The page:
Furthermore, some researchers have also argued that the tax on gasoline levied by the government is the most affecting issue on gasoline demand. In particular, countries that have to import gasoline from abroad impose certain taxes to reduce gasoline consumption in order not to increase the current account deficit. This leads to a significant reduction in gasoline demand. Kayser [46] investigated the USA case and concluded that taxes on gasoline had an important effect on the decrease of gasoline demand. Tiezzi and Verde [47], Coglianese et al. [5], Rivers and Schaufele [48] and Filippini and Heimsch [49] also examined the issues affecting gasoline demand in different countries. It was concluded that tax rate had a statistically significant effect on gasoline demand.
In addition to the aforementioned studies, some researchers have stated that the demand for gasoline is effective with the economic performance of the country. For example, Li et al. [50] attempted to identify the factors affecting gasoline demand in China. In this study, it is stated that the demand for gasoline is affected by the economic performance of the country. Ramanathan and Subramanian [51] and Ramanathan [52] conducted an analysis on Oman and India. In the related studies using VECM and cointegration methods, it was emphasized that the economic growth of the country had an effect on the demand for gasoline. Wadud [12] also tried to identify the factors in the UK and highlighted the same issue. In addition, Liddle and Lung [53] concluded that there is a causal relationship between economic growth and gasoline consumption.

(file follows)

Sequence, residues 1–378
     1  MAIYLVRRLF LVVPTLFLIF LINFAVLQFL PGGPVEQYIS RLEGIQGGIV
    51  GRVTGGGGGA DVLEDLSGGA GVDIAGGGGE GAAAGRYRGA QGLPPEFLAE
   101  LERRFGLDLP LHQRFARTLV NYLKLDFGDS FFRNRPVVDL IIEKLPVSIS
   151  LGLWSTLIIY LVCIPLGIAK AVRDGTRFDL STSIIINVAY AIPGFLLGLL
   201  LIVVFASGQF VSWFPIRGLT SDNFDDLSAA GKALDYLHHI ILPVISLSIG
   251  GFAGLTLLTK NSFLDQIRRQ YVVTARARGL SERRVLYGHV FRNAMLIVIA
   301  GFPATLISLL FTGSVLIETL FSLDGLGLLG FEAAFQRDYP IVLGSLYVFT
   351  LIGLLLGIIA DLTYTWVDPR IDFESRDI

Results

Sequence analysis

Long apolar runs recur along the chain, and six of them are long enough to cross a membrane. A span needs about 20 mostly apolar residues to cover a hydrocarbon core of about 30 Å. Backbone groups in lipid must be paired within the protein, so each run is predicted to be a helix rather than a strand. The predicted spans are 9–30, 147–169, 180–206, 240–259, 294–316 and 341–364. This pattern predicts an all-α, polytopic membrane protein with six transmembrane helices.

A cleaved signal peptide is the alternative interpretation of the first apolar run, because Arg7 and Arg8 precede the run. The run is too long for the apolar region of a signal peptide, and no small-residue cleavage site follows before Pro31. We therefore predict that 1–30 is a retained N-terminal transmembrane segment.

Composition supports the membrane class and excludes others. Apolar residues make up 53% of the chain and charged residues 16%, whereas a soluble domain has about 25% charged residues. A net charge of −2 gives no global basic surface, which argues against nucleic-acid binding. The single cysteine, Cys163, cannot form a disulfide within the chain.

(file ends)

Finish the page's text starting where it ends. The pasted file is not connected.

Because Turkey is dependent on external countries to meet its energy needs, the subject of gasoline demand in Turkey was evaluated by many researchers in the literature. Mesutoğlu [54] estimated price elasticity of gasoline demand by employing the OLS method to monthly data over the period of 1990–1999 for Turkey. He stated that gasoline demand is inelastic (−0.41) against the price. According to Dahl [55], for gasoline demand in Turkey, the estimated average price elasticity is −0.19. Average income elasticity of gasoline demand was calculated to be 1.10. Melikoğlu [56] reported that gasoline demand in Turkey has decreased in recent years and the main reason for this condition is the high taxes the Turkish government imposed on gasoline. Alper and Torul [13] and Bor and İsmihan [14] also identified this issue in their studies. Erdogdu [57] investigated fuel demand (gasoline, diesel and LPG) in the case of Turkey by utilizing OLS. The results show that both short and long-run income elasticities of gasoline demand are statistically insignificant. Erdogdu [57] reported income elasticities of gasoline demand, although they are statistically insignificant. Otherwise, the price elasticities of gasoline demand are −0.213 and −0.481 in the short and long-run, respectively. Additionally, Erdogdu [57] found that cross-price elasticity of gasoline demand with respect to diesel and LPG are 0.64 and −1.22, respectively and statistically significant.